Pioneer Enters Portable GPS

By Amy Gilroy On May 8 2006 - 6:00am

Pioneer, one of the last key autosound players to announce an entry into the booming portable navigation segment, said it will deliver its first portable GPS unit this June.

The new AVIC-S1 has preloaded maps of the United States and Canada, an SD card slot, built-in rechargeable battery and Bluetooth for hands-free cellphone calling. Suggested retail price is $599.

Until now, Pioneer, which claims to have a leading share of the $85 million fixed automotive U.S. navigation market, has steered clear of portable GPS — a 2 million unit segment with over 120 percent growth, by Pioneer's own estimates.

Karen Rubin, marketing and product planning director for navigation, said the change in strategy came from Pioneer's research on its current in-dash navigation owners. The company found that more than 30 percent of its AVIC customers already owned a portable GPS. “From those results we [determined] that there's a step-up logic of having a good experience with portable navigation and then wanting to look for something more.” Pioneer is therefore offering the AVIC-S1 portable as “an entry point” for navigation customers, said Rubin.

Other features of the AVIC-S1 include a 3.5-inch color touch screen, 2GB of flash memory for map storage and 1.5 million points of interest.

In navigation in general, Pioneer said its real-time traffic sales have picked up recently. Rubin said 40 percent of in-dash navigation customers subscribe to XM NavTraffic. Many AVIC customers are satellite radio owners — over 60 percent — “and all of these customers will use their satellite radio over any other audio source such as CD or MP3 playback … If they already have XM audio, they are more inclined to try out XM NavTraffic,” she said. Pioneer is also examining other real-time traffic services using RDS or Sirius.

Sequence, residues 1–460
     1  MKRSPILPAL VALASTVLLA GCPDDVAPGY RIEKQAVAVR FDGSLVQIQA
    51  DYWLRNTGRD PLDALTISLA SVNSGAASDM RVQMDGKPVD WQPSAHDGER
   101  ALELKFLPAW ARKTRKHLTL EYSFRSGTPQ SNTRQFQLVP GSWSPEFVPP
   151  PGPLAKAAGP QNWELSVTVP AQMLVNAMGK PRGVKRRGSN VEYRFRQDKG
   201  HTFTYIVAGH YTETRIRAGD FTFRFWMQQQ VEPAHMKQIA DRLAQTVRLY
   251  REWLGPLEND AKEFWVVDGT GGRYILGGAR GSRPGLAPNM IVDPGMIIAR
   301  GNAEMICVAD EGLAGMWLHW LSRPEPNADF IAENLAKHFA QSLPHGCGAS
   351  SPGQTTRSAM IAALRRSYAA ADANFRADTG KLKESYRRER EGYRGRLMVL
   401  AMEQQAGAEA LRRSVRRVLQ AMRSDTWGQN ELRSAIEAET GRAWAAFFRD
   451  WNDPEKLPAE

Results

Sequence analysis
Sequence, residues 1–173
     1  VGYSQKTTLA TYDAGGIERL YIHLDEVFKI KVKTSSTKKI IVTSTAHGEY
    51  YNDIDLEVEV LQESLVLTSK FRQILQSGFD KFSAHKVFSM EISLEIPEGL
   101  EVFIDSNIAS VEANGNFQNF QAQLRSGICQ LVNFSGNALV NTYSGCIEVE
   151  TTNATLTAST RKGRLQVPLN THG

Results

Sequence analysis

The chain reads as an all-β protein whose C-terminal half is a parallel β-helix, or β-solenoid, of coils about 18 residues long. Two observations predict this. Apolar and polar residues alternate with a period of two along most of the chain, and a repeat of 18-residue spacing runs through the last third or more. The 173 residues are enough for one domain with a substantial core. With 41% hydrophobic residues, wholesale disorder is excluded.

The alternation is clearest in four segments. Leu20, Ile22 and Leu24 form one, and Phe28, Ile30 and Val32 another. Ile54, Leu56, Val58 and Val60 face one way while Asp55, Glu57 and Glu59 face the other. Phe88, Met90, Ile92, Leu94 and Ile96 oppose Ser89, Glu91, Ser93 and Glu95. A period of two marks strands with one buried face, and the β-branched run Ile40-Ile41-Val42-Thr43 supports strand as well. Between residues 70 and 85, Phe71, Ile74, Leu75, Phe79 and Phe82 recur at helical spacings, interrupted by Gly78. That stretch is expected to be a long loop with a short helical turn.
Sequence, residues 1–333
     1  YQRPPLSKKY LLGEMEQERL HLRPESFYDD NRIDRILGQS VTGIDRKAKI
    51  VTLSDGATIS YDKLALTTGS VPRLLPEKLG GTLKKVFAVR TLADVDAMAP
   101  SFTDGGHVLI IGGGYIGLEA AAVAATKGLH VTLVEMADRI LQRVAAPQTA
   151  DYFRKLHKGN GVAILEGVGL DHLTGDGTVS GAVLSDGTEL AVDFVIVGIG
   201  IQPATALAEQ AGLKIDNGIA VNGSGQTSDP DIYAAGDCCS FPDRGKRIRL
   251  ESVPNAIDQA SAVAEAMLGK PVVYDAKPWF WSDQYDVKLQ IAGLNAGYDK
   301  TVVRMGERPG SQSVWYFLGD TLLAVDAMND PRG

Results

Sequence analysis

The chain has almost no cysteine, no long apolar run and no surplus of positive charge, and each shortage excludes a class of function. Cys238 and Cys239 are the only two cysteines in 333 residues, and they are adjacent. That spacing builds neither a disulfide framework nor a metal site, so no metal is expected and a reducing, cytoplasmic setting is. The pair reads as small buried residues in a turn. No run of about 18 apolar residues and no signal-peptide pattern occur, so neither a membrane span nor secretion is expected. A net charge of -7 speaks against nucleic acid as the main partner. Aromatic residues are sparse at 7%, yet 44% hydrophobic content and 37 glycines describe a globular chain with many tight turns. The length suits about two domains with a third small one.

Separately, Pioneer announced a new multimillion dollar advertising campaign called “Drive Happier,” to support its navigation systems. It will include three television commercials to air on five different cable channels and a print campaign. Pioneer has also broadened its cross-country promotion tour for GPS. Last year the tour created more than 7.6 million consumer impressions and more than 25,000 hands-on demonstrations, Pioneer said. This year the 10-month tour will have two separate legs: one each for the East and West, and each will include five demo vehicles. They will travel to malls, festivals, concerts, retailers and other locations to promote navigation.

Finally, Pioneer introduced a new in-dash car DVD/monitor called the AVH-P7800DVD with DVD Audio, DiVX, and Bluetooth and iPod capability. The unit offers 96k/24-bit 5.1 channel sound and has DTS, Dolby Digital and other surround formats, plus a 50x8-watt amplifier with nine channel high-volt pre-amp. Other features include a 7-inch TFT with wide VGA (800 by 480 pixels) and QVGA resolution and 13-band graphic equalizer plus three band parametric equalizer. It has optional attachments for XM, Sirius, a TV tuner, navigation, iPod and Bluetooth devices. The P7800DVD is due to ship in June at $2,200.

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